How does Pressure Transmitters Work?

A pressure transmitter, or pressure transducer, is a transducer that changes pressure into an analog electrical signal. While there are numerous types of pressure transmitters, the strain-gauge base transducer serves as the most popular. As such, first we will outline strain-gauge base transducers, as well as other common types, three major pressure references, and primary pressure signal outputs.

Strain-Gauge Base Transmitters

In this transducer, conversion is possible through the physical deformation of strain gauges that are bonded into the transducer’s diaphragm and wired into a Wheatstone bridge arrangement. The pressure employed on the transducer delivers a diaphragm deflection which imposes strain on the gauges, generating an electrical resistance change proportional to the pressure. Strain-gauge base transducers are composed of a force collector like an elastic diaphragm and a transduction component that employs a dependent resistive, inductive, or capacitive method to generate an electrical signal. Meanwhile, they utilize the strain gauges to measure the force operating on them.

Generally, the strain gauges can handle deformation, and this deformation produces a variation in voltage. Keep in mind that the pressure measurement is determined by the degree of variation detected in the voltage. As they apply capacitance or piezoelectric sensors instead of strain gauges, strain-gauge base transducers are considered exceptional devices. More than that, they are preferred for their range, work environment, and accuracy.

Static Pressure Transmitters

Static pressure transmitters, on the other hand, estimate the pressure of a stagnant fluid and serve as primary pressure monitoring tools. When a fluid places pressure on the transducer, the strain gauge begins to deform. The resulting variations of voltage correspond with the strength of the pressure. As soon as the pressure discharges, the strain gauge turns to its original configuration.

Piezoresistive Strain Gauge Pressure Transmitters

Conventional piezoresistive strain gauge pressure transmitters utilize strain gauges secured to a flexible diaphragm so that any variation in pressure generates a small deformation, or strain, in the integrity of the diaphragm. This alters the strain gauges’ resistance which presents a suitable conversion of the pressure measurement as an electrical signal.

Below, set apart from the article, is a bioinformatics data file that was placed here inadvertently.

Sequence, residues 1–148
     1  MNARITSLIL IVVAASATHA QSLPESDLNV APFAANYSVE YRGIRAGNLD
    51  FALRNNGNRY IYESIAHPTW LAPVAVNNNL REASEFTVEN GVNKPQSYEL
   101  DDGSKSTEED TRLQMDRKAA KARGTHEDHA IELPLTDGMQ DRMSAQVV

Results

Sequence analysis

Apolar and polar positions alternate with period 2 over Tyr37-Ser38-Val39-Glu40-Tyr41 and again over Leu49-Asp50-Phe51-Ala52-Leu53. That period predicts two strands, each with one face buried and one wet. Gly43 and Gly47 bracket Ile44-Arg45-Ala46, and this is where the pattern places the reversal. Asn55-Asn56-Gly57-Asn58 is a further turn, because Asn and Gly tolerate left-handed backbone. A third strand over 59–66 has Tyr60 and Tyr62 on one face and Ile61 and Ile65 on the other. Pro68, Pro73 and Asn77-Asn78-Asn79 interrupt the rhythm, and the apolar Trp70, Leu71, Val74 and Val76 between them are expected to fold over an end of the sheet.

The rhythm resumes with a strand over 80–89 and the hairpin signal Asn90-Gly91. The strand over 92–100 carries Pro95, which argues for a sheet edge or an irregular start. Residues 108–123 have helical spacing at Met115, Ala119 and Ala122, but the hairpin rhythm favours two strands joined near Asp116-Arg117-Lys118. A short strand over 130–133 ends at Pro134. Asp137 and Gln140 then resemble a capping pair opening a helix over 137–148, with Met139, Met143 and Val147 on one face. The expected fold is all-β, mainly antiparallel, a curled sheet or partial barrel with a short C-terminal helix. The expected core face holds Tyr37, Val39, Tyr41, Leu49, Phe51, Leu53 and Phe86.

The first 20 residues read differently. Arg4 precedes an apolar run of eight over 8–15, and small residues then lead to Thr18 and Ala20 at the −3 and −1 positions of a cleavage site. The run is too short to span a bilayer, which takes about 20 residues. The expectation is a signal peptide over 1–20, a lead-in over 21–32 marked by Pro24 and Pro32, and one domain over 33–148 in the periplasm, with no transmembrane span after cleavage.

Capacitance Pressure Transmitters

A variable capacitance pressure transmitter has a diaphragm and an additional electrode affixed to an unpressurized surface with a clearance between the diaphragm and the electrode. The pressure variations either extend or narrow the clearance which alters the capacitance to produce a signal.

Pressure References

There are three general pressure references for measuring pressure. However, there are other types, such as sealed or vacuum gauge, all of which can be categorized into three major classes: absolute, gauge, and differential pressure.

  • Absolute Pressure measures the pressure relative to a complete vacuum and makes absolute zero a point of reference. A barometric pressure transducer serves as one example.
  • Gauge Pressure measures the pressure relative to atmospheric pressure like a tire pressure sensor would.
  • Differential Pressure measures the difference between two pressures on each side of the sensor, with a liquid pressure transducer being the most common example.

Primary Pressure Signal Outputs

A pressure transducer produces an electrical output signal that is similar to the pressure affixed to an electrical source and a pressure source. Typically, this signal is in the form of current, voltage, or frequency.

  • Digital pressure transducers produce a digital signal and usually express their location, log data, calibration information, and more.
  • Millivolt output pressure sensors produce an output that is proportional to the pressure transducer input excitation or power directly. These devices can handle harsh operational settings, have a compact design, and are better suited for short distance applications.
  • Voltage pressure transmitters produce output signals in the 0-5dc or 0-10Vdc range and present a higher output when compared to a millivolt transducer due to their integral signal condition. Since they have higher level outputs, they are not sensitive to noise, making them ideal for noisy industrial environments.


Aviation Gamut is a leading distributor of a wide array of transmitter types like adapter transducers, bearing wheel transducers, sensor accessories, strain gauge hubs, electrode assembly battery components, electrical transformers, circuit breakers, and so much more. With over 2 billion options on our database, customers can easily fulfill their operational requirements. Submit a Request for Quote (RFQ) form today or contact us directly; we are available 24/7x365!


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